Teaching kids to be grateful
When kids learn to be grateful, they learn to be compassionate, empathetic and appreciative.
Teaching kids to be thankful or grateful can be tricky. I have always tried to find a healthy balance between asking my kids to say thank you for a gift they receive versus truly being grateful. Just hearing “thank you” from kids sometimes seems more obligatory versus a sincere gesture. Society sets us up to believe that good manners equal good kids. In reality, if children are not given the chance to learn how to be grateful on their own, they can grow up feeling entitled and always disappointed.
Teaching toddlers and preschoolers to be grateful is difficult, as kids this age are naturally self-centered. Being grateful means they must look outside themselves and appreciate what others do for them. It’s an important concept to teach, and adults can do so in many ways. Adults can work gratitude into their daily conversation even over the most ordinary tasks. Saying things like, “I really appreciated it when you set the table,” or “We are so lucky to have a dog like Spot,” will show your kids you notice and are thankful.
Being grateful for the everyday, simple things is a great way to teach appreciation, empathy and compassion as well as other important life skills. Kids who are thankful are also sensitive to the feelings of others. Over dinner or at bedtime, ask your children to think of one or two good things that happened to them during their day. Eventually, it will just become part of their natural conversations.
Michigan State University Extension offers the following ideas on how to help your child learn the art of gratitude:
- Have kids help. Start by giving them small jobs and gradually increase their level of responsibility.
- Encourage generosity through donations of toys or clothes no longer in use.
- Insist on thank-you notes. Young kids can do drawings until they are able to write their notes.
- Be patient. Learning to be grateful does not happen overnight. Reinforce efforts you see in your child and you will be thankful you did.
Parents can’t ask kids to be grateful. Being grateful is an attitude and a feeling. Saying “thank you” for a gift is one thing, but no matter how hard we try we cannot make them feel grateful. My kids didn’t learn to be grateful by me complaining they’re ungrateful when they didn’t express gratitude. They learned to be grateful through watching the important adults in their lives be appreciative and thankful, volunteering in our community for different charities, and donating toys and clothes they no longer wanted or needed to a family we knew needed extra support.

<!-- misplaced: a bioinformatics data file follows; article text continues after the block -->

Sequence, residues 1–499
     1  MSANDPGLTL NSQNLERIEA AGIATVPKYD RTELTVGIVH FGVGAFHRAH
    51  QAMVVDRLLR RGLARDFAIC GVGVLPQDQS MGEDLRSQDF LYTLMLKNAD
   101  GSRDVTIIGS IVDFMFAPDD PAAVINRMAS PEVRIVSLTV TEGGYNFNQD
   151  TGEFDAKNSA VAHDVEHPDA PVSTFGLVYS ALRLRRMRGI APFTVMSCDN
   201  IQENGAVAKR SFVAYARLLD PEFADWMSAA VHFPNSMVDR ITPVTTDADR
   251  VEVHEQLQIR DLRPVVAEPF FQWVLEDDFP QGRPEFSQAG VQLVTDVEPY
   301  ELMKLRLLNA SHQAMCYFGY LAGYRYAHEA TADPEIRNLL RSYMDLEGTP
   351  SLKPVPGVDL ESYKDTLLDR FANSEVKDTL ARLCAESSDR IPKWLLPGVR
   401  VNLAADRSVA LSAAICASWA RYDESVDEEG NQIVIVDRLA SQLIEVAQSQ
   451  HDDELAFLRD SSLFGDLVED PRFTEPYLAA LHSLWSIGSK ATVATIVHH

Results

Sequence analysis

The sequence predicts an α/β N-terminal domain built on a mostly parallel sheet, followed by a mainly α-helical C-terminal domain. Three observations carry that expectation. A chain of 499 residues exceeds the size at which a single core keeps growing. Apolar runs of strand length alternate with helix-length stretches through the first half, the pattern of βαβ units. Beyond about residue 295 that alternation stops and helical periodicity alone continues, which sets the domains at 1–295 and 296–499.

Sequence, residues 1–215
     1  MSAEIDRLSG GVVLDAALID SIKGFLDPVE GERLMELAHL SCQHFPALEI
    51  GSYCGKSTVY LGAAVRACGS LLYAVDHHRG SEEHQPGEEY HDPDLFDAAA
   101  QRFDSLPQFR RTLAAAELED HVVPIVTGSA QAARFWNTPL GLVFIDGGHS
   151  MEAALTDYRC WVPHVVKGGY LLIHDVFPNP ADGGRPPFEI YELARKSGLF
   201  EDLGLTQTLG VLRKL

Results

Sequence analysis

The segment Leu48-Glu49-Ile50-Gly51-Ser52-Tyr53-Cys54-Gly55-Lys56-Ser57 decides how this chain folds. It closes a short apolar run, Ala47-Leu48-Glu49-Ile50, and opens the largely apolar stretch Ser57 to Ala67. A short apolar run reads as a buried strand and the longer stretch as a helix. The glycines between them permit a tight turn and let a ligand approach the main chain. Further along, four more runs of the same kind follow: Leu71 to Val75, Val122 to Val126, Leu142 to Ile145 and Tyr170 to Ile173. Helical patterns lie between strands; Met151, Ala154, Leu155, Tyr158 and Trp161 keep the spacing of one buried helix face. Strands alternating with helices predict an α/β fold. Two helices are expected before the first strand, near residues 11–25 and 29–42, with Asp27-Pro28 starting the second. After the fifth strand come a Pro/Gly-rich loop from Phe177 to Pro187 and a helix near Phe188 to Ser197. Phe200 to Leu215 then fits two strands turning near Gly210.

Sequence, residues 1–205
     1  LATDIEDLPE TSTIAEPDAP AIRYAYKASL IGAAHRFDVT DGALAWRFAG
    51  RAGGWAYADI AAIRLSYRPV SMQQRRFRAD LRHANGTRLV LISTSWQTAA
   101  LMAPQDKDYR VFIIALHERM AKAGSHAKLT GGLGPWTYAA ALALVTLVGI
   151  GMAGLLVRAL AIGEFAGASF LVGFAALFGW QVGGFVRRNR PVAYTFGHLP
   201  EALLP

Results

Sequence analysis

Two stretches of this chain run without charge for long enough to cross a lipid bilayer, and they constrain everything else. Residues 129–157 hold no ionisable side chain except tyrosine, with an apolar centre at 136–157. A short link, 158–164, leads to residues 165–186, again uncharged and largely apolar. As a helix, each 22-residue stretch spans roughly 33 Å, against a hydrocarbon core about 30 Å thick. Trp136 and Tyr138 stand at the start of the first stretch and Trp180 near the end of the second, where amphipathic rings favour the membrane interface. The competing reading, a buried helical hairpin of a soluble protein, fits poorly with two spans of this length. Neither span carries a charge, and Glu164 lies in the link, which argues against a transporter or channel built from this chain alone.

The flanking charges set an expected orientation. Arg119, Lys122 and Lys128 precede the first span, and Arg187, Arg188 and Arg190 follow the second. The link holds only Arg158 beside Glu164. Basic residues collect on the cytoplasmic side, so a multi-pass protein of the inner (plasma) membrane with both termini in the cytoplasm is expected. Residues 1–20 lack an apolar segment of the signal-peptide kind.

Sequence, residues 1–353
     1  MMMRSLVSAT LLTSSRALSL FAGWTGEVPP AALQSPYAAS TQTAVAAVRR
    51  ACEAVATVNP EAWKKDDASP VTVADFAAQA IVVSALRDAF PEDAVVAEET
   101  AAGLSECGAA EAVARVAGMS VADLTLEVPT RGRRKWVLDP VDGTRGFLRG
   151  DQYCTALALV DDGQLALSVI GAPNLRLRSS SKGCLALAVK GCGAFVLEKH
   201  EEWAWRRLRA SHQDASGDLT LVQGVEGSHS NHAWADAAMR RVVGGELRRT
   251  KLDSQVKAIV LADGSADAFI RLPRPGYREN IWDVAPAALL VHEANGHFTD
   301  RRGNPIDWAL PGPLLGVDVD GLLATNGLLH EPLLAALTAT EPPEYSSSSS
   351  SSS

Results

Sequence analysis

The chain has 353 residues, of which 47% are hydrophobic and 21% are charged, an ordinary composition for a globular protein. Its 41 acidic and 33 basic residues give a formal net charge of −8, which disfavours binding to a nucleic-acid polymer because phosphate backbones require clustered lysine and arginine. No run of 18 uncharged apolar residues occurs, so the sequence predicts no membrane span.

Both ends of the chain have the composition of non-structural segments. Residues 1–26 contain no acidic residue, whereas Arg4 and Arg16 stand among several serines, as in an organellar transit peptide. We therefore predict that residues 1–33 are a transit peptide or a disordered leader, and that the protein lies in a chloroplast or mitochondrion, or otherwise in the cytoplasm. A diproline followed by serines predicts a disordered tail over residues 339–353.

Kids need to realize the good things in their lives so they can give back to their community, friends and family. Pets can also provide children a wonderful lesson on being grateful, as they show us their unconditional gratitude constantly throughout their life.
Research shows that people, including kids, are always more appreciative and grateful for experiences versus gifts. As an adult, I can remember many of the experiences we did as a family versus the gifts we received. (Except the Tickle-me Elmo. I remember that like it was yesterday and was very grateful for that gift.)
As my kids are getting older and heading to college and busy with their own lives, I text pictures of things I am grateful for: my family, friends and pets to name a few. Eventually, they will do the same, not because I ask them to, but because it will make them feel good about themselves and the life they live.
To learn about the positive impact children and families experience due to MSU Extension programs, read our 2016 impact report: “Preparing young children for success” and “Preparing the future generation for success.” Additional impact reports, highlighting even more ways Michigan 4-H and MSU Extension positively impacted individuals and communities in 2016, can be downloaded from the Michigan 4-H website.
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